I do not dispute whether Wade made the important contribution or not. The problem with the link is that this is a template for quick navigation to relevant articles. The relevant article here should be Wade (romanisation), not Thomas Francis Wade, because that article is not an article on romanisation, but a biography of the author himself. You are, of course, welcome to start Wade (romanisation), and at that point it would be appropriate to link to Wade (romanisation) on this template. --Pkchan 08:01, 20 July 2006 (UTC)
I've removed the link to Thomas Francis Wade as well as the non-existent articles from the template for the same reason I have given above. This is a template to relevant articles, and is not meant to be a complete listing of all romanisation schemes of the Chinese Language. List of Chinese Language Romanisation, not this template, is the appropriate venue for the latter purpose. --Pkchan 11:06, 21 July 2006 (UTC)
Pkchan, I now 100% understand what you have done, why you have done it, and I agree with you. Lindsay658 03:05, 22 July 2006 (UTC)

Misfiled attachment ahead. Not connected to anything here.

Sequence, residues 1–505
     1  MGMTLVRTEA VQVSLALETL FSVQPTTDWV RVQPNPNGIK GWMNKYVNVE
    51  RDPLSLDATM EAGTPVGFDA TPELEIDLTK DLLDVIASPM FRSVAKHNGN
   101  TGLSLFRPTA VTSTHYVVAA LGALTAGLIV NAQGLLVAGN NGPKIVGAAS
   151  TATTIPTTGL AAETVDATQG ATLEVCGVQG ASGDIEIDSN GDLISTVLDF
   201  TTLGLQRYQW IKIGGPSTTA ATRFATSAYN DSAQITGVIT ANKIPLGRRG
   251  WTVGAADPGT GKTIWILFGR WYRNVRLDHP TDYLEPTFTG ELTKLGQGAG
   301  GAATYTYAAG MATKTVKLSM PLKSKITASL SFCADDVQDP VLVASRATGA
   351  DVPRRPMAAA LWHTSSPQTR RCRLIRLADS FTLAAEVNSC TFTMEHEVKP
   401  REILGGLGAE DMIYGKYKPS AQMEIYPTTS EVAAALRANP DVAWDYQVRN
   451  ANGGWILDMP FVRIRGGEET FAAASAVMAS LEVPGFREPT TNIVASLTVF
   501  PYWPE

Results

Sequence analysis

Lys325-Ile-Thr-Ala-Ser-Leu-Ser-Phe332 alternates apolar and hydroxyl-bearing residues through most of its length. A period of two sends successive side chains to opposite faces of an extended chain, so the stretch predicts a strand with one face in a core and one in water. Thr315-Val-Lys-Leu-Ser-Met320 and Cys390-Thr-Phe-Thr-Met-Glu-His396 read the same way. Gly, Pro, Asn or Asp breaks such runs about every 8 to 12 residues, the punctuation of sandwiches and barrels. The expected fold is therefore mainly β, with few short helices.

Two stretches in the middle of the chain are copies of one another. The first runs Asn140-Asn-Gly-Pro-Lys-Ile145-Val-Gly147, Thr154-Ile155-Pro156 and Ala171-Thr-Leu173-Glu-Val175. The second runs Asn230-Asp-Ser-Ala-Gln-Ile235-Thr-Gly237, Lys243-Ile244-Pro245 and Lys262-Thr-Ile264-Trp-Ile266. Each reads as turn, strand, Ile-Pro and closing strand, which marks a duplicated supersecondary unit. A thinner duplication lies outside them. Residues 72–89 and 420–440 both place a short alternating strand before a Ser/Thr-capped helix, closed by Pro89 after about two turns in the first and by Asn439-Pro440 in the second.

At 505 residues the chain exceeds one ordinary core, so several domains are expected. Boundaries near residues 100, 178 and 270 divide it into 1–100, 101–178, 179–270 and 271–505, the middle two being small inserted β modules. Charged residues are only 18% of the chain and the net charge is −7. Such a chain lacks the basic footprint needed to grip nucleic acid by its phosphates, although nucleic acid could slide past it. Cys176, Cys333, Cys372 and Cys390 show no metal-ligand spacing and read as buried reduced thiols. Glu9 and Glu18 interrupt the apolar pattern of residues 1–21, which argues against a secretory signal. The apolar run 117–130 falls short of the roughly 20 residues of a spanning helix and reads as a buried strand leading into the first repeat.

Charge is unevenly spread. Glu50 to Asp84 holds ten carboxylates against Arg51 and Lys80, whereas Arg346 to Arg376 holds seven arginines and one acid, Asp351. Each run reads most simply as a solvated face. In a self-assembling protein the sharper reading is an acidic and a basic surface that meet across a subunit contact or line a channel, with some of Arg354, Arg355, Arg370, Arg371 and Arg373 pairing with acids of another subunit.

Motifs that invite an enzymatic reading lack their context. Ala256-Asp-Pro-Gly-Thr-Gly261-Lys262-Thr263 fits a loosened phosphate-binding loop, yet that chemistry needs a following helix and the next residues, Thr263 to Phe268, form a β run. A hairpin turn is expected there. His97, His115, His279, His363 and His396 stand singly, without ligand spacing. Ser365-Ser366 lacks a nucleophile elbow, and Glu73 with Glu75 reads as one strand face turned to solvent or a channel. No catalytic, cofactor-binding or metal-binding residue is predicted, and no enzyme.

Postal System Pinyin?[edit]

I have intiated a discussion on whether it is appropriate to refer to the Postal Map spelling as "Postal System Pinyin" on Talk:Postal System Pinyin. Unless I hear any input in that discussion, I will move the page to a more appropriate name, and I will change this template accordingly.--Niohe 23:04, 18 October 2006 (UTC)


This template is getting too long and there is no clear ordering. I propose that it be converted into a footer.--Jiang 05:15, 21 October 2006 (UTC)

Extended Bopomofo[edit]

Extended Bopomofo for Taiwanese is a red link in English, but is a Chinese article. The content is covered in Bopomofo#Other_languages. Can an admin link the English red link to that section? --Chongrak (talk) 20:20, 12 September 2009 (UTC)

I created Extended bopomofo as a redirect Bopomofo#Other languages. -- Black Falcon (talk) 17:19, 4 October 2010 (UTC)


Wu should be above Yue since it has more speakers otherwise the order in this table doesn't make any sense. -- (talk) 23:43, 10 February 2015 (UTC)